Homelessness is a growing problem in the United States. With few large organizations in place to help these men, women, and children, many remain on the street, or seek other avenues out of their helplessness. Drugs, alcohol, violence, crime, even suicide, seem like viable alternatives to days and nights on the street. And many of the smaller, locally run groups just don’t have the resources available to them to help all those that need helping.
Probably the biggest obstacle in serving these people is this; we distance ourselves from them. We call them the homeless, the poor, the itinerant, the hobos, even the phrase “these people” keeps us at degrees away from them. But they are human. They embody the same hopes and fears, struggles and passions that every other person has. They are flesh and blood, saint and sinner, just like you and me. We get scared because sitting with men and women like this make us question what we have. They make us wonder if there is something more than how we live our lives. I have been spit on, cursed at, and mocked just for sitting with my friends who don’t have places to live. Is that all that humanity is capable of, or is there more?
Charles sat in the rain and asked for a little help. A few coins for a meal. Two dollars for bus fare. Some souls attended to him, but most just passed him by. Is that what our world is? When those who suffer sit in the street, or lay in our doorways, has it become the norm to ignore them? Or mock them? In his book The Stranger, Albert Camus writes, “I have no idea what’s awaiting me, or what will happen when this all ends. For the moment I know this: there are sick people and they need curing.” It is hard work, acting with compassion toward each other, but there is not a more pressing task, nor one as important.
Rains have swept these city streets of any memory. Rushing water has carried the residue and chaos of our desecration toward the sea. First to our rivers. Then to the source of life. For once we pulled ourselves out of the deep and let God shape our bones from dust and mud. He was the breath that gave us shape. The song that started our dancing. But our children have grown violent. We have turned from the light and become nocturnal. No longer do we dance and sing. We have become slaves to our own depravity. And I can feel the darkness in my chest growing and spreading. The pestilence of a complacent soul filling my blood with poison so that no grace may find me.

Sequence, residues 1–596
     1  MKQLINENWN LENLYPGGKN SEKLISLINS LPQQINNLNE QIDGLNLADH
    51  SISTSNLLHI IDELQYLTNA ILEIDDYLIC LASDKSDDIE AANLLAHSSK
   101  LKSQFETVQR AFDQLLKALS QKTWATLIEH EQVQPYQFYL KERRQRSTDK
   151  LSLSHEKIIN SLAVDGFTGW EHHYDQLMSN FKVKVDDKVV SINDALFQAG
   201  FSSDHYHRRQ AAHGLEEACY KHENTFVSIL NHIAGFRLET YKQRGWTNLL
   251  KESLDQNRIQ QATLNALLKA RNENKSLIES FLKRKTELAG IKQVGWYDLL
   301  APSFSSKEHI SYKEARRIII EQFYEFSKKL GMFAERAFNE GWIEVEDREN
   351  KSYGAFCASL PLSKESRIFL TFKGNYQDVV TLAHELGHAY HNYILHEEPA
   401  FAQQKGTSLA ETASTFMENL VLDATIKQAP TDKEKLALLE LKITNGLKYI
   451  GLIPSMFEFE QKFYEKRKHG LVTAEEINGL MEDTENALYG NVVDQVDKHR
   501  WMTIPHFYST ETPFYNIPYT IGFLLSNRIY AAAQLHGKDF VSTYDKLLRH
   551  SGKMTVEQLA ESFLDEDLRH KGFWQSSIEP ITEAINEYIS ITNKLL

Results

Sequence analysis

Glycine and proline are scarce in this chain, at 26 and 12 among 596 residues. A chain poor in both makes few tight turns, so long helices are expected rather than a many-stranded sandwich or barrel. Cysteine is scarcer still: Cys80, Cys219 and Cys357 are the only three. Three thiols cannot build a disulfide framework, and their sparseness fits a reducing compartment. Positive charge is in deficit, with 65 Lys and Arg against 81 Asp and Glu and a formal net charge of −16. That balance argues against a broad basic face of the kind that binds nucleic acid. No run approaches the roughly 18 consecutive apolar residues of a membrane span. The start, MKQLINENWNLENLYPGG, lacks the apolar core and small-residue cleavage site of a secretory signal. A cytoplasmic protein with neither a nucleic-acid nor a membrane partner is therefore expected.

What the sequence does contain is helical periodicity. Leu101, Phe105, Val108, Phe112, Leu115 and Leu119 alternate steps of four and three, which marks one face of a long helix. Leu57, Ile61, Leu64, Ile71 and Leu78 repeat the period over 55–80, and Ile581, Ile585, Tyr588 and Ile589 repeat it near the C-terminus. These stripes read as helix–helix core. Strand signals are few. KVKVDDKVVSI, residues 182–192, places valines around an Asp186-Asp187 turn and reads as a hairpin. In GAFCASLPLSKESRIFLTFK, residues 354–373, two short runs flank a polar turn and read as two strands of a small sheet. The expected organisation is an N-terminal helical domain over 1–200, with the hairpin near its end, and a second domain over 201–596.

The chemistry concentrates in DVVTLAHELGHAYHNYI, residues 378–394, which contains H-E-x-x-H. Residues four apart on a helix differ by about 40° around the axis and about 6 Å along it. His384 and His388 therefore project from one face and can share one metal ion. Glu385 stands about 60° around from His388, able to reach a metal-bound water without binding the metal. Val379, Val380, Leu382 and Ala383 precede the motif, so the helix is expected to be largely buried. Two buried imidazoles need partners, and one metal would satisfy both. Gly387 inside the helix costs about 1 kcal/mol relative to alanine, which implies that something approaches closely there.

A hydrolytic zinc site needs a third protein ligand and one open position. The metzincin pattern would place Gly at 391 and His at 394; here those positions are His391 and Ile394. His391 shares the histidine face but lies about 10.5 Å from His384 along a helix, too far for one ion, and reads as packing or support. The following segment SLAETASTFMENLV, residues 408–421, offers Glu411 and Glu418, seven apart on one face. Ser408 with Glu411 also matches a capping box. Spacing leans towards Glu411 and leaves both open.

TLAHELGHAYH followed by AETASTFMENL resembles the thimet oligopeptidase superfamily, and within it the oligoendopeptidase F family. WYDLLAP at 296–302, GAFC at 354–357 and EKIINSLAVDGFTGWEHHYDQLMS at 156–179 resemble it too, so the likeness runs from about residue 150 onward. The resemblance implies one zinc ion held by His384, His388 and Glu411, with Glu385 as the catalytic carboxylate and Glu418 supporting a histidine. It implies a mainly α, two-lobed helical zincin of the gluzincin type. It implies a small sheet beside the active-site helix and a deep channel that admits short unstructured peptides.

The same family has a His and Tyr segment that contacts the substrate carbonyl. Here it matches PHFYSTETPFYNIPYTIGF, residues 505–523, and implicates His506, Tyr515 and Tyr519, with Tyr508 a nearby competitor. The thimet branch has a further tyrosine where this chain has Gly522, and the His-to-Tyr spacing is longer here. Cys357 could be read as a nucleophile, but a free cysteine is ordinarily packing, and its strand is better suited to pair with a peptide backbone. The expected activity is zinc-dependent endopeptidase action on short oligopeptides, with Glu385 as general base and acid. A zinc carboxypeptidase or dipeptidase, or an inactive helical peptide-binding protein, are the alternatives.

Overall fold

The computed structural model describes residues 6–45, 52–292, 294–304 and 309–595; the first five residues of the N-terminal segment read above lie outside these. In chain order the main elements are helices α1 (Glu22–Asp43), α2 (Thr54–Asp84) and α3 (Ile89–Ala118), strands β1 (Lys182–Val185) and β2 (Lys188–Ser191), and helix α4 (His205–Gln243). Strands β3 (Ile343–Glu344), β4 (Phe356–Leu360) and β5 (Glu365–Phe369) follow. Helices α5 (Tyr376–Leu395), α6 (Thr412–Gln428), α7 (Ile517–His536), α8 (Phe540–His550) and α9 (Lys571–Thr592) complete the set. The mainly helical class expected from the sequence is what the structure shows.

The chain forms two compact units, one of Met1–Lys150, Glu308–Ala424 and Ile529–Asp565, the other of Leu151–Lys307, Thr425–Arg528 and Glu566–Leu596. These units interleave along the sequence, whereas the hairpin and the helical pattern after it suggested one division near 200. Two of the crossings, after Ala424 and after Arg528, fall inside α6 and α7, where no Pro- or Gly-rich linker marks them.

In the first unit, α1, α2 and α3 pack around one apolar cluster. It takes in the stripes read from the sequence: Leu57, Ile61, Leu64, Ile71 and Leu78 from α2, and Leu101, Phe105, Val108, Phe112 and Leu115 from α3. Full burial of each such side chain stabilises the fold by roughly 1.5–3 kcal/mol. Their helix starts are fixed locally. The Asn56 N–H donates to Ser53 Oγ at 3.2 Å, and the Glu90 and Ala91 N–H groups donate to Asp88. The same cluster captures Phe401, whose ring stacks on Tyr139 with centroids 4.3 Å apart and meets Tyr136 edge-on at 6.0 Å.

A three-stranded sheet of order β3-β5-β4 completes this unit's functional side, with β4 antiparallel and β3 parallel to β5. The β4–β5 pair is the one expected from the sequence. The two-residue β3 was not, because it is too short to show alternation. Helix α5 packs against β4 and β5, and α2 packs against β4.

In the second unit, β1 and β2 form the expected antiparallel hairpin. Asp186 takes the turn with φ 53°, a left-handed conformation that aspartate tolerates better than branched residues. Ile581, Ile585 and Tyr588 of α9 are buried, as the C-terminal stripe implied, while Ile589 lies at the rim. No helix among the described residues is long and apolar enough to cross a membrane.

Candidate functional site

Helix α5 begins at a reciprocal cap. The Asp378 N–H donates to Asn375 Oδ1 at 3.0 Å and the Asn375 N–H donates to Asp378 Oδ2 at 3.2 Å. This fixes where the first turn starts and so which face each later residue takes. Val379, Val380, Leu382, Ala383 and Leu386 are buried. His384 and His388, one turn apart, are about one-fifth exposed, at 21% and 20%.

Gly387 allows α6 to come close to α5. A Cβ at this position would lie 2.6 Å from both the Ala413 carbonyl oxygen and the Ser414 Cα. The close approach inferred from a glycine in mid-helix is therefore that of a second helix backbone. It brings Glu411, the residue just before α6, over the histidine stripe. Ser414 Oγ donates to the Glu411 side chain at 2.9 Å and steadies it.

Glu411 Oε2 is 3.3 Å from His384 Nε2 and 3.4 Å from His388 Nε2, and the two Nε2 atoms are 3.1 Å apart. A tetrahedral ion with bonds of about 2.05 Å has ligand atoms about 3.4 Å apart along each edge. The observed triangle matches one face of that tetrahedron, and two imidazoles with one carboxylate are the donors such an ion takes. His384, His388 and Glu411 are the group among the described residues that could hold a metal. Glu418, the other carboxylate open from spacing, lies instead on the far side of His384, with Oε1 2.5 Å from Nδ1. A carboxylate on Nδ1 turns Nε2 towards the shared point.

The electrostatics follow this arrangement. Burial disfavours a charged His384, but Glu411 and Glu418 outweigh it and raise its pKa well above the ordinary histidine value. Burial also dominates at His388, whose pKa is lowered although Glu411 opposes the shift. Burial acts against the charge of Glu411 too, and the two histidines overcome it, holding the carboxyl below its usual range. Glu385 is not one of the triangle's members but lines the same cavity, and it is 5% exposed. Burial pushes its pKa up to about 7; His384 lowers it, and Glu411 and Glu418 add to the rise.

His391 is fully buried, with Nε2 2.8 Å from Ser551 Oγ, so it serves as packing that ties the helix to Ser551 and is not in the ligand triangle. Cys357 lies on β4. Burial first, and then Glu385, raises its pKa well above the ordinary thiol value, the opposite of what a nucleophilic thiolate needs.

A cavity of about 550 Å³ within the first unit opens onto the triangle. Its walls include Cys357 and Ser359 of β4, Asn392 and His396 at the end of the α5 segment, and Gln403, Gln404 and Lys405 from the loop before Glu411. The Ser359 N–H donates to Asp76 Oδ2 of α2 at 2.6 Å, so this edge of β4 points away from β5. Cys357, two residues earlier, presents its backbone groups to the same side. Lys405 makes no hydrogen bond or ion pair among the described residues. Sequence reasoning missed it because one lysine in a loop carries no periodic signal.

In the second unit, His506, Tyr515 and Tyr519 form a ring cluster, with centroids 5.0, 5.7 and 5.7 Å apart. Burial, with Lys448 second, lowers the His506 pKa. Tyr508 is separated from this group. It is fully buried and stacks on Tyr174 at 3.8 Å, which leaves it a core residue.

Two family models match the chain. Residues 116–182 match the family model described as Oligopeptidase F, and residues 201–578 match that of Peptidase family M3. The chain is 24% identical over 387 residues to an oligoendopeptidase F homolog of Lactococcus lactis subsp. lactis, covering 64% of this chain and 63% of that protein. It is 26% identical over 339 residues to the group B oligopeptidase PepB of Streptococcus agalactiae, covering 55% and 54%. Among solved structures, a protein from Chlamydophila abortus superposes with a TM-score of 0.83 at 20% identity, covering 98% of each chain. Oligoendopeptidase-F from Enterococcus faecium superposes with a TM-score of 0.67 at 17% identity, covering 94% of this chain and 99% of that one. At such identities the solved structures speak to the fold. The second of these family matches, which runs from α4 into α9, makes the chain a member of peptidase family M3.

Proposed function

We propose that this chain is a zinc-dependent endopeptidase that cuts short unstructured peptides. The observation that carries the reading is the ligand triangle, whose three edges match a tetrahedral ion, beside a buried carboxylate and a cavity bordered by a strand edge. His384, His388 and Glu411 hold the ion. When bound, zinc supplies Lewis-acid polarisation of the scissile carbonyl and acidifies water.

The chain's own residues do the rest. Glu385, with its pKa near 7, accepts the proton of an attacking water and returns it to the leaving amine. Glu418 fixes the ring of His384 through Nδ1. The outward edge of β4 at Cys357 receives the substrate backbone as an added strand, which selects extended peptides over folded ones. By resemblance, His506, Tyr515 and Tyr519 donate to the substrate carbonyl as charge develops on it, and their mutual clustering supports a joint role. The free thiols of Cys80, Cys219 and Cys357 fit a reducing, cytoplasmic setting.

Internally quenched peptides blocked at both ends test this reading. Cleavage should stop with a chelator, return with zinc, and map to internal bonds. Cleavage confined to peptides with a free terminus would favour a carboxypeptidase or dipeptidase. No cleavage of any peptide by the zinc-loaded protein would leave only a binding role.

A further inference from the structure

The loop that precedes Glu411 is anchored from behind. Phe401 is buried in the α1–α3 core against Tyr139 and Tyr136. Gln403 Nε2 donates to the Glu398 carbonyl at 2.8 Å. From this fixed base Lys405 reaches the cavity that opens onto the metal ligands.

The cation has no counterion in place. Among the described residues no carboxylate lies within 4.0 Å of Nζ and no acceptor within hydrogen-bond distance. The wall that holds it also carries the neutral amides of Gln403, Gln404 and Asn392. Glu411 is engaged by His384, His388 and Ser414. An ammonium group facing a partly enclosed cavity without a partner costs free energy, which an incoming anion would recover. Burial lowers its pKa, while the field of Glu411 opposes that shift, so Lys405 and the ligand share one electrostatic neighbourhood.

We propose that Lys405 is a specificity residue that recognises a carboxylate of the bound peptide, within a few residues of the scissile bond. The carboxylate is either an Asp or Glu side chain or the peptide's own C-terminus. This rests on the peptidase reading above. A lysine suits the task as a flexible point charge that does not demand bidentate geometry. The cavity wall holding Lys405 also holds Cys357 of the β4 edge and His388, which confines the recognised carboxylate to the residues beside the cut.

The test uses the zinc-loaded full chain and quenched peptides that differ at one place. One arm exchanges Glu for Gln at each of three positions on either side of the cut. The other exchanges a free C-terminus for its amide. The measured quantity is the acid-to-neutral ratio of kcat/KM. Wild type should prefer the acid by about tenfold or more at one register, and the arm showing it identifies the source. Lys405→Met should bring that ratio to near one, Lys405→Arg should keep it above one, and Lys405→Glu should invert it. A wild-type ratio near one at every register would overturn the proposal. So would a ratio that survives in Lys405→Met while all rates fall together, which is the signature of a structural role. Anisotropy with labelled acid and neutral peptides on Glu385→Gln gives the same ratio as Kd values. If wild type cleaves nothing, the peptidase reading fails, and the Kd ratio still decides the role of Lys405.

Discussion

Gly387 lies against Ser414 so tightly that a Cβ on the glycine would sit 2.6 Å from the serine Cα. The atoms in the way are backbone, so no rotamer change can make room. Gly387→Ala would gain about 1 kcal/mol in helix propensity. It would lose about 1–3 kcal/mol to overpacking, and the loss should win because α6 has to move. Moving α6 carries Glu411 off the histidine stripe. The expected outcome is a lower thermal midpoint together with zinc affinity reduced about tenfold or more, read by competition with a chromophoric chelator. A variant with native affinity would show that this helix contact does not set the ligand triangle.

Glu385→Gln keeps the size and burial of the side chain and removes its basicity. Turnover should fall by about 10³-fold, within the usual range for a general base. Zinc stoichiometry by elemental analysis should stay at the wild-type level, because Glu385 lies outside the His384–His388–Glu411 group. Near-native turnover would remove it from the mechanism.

Is not ignorance the greatest of all sins? Are not our closed eyes the worst of our transgressions? Though many have looked, few have truly seen. In this, the moment of our greatest weakness, is not our humanity worth fighting for?
I’ve been having trouble sleeping. It’s the dreams again. The ones where I’m falling through the earth and the world gets small behind me. And then I stop. Deep underground I can hear the creaking of the great machine as the world stumbles on. There’s a shaking, and a rumbling, and suddenly I’m covered by rocks, and they’re laughing at me as they press down. I try to scream but the air dies in my lungs.
And then I wake up. Amber light sifts in through the blinds and I know it’s the middle of the night. I know you’re not next to me, and all I want to feel is your breathing. All I want to hear is the tremble of your heartbeat. All I want to feel is the tug of the sheets. I want to breathe your air and taste your skin.
But you’re gone because I pushed you away. And all I want is for you to come home.